The aircraft took off from London Airport (Heathrow) at 1627 hours GMT on a scheduled international freight flight to Milan-Linate Airport, Italy, and the flight proceeded normally as far as the boundary of Milan TMA (Monteceneri NDB). Control of the aircraft was transferred to Milan ACC from Zurich ACC at FL 170, and after the first air- ground communication the aircraft was cleared to Linate Airport via Saronno and Linate NDB at 1844: 30 hours GMT. Before reaching Saronno VOR the pilot asked for and was given permission to make a slight diversion to the south-west in order to avoid a considerable thunderstorm formation which, as forecast, arrived over the area of Milan CTR at 1952 hours. At the pilot's request, the ATC cleared the descent with a clearance limit of 6 000 ft, confirming the previous clearance for descent. The pilot confirmed that he had received the clearance and reported that he was south-west of Saronno on a heading of 1800. At 1855 hours, the pilot reported that he was still maintaining a heading of 180° to avoid the thunderstorm area; the estimate for Linate NDB was however 1904-1905 hours. Following this communication, the control at Milan ACC amended the previous descent clearance, limiting it to FL 130 in order to safeguard other air traffic south of the CTR. At 1903 hours, the pilot unexpectedly reported that he was heading for Voghera VOR, without having been cleared for this by Control. After a few seconds he reported that he was over Voghera VOR at FL 130 and asked far further descent clearance which he was not given, in view of the unexpected and unorthodox position reported. He was asked to maintain FL 130 until he reached Linate NDB. At 1909 hours, the pilot reported that he was close to Linate NDB at FL 130-135 in a severe thunderstorm. After 30 seconds he reported his position over Linate NDB with certainty and was therefore cleared to descend to holding pattern down to 6 000 ft. At 1911 hours, Approach control gave clearance for the descent to be continued down to 2 000 f t, the minimum safe altitude over Linate NDB. At 1917 hours the pilot, speaking in a slightly agitated manner and sometimes with words which were incomprehensible, said repeatedly that he was not in fast certain of his actual position in relation to Linate NDB, that he was aligned with Linate ILS but that ha was not able to establish his exact position in relation to the radio beacon, the Latter being subject to considerable interference from the heavy electrical discharges due to the thunderstorm. The pilot also stated that he could not hear the ILS Outer Marker. At 1919 hours, the pilot confirmed his uncertainty regarding his position and asked to maintain 4 000 ft for another holding pattern; he was again given the QFE and at 1922 hours reported that he had come down to 2 000 ft, that he was inbound and that he would call over the Outer Marker. After he had been given the clearance, there were no further communications and no reply to the repeated calls from Milan Approach Control. It was subsequently found that the aircraft, which was aligned with the ILS localizer, struck the top of a hill at an altitude of 675 m, 35 NM from the threshold of runway 36, between 1923 and 1925 hours. A crew member was injured while the second was killed.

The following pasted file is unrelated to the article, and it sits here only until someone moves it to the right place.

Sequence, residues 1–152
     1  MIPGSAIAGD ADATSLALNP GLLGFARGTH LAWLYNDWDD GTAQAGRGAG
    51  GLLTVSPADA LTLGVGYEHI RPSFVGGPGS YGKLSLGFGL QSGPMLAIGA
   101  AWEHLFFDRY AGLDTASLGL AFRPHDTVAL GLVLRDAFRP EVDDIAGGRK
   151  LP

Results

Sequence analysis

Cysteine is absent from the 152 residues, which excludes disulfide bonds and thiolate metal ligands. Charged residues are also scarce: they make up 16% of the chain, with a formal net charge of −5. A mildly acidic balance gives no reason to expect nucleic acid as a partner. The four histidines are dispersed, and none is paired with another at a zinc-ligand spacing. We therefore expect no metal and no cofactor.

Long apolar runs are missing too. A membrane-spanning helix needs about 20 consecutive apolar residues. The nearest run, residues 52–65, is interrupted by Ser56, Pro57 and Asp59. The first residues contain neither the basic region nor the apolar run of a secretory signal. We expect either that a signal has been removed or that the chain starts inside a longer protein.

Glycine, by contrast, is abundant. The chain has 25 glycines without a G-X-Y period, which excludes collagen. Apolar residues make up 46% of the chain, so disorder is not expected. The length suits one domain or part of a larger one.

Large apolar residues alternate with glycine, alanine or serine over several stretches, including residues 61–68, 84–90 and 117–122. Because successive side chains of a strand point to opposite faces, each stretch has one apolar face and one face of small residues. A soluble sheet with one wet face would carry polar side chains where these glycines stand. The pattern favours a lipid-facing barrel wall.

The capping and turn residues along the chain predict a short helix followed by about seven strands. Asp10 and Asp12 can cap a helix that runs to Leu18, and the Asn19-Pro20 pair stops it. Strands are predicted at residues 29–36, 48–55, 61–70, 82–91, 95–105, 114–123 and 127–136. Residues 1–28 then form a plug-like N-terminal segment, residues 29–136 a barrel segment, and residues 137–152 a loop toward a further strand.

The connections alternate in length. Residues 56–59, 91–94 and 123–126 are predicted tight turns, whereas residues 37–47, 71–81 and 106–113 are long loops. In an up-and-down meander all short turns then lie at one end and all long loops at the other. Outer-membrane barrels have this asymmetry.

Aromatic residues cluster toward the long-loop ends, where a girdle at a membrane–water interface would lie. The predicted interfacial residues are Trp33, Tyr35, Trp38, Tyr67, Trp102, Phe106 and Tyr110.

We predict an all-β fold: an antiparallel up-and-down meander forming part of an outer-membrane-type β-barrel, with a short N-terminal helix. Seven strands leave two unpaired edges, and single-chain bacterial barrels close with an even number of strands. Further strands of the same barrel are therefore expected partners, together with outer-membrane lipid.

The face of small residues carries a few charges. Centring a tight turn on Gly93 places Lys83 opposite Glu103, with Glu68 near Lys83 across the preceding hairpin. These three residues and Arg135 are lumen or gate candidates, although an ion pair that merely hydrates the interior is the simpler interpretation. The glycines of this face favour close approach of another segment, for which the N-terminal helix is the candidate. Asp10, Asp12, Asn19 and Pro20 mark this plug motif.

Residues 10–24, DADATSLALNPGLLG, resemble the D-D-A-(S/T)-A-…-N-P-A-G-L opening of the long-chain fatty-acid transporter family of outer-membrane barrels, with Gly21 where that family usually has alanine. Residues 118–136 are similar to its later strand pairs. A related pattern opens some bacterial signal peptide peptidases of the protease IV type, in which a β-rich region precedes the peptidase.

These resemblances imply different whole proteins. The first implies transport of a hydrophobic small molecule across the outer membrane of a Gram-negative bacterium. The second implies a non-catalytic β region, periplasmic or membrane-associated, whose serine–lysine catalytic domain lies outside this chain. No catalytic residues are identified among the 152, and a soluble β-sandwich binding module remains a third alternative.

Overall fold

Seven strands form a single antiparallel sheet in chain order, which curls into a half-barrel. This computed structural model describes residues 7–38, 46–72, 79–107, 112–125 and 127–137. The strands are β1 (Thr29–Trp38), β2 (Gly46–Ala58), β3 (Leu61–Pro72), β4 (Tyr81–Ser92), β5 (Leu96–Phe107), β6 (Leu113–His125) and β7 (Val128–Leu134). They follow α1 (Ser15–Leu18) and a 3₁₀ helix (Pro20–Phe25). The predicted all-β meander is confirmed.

The Commission considered that the cause of the accident was a navigational error arising from the following omissions:
- The failure to take the necessary bearings for a reliable determination of the aircraft's position in view of the particularly unfavourable weather conditions,
- The failure to make the fullest possible use of the services of the copilot.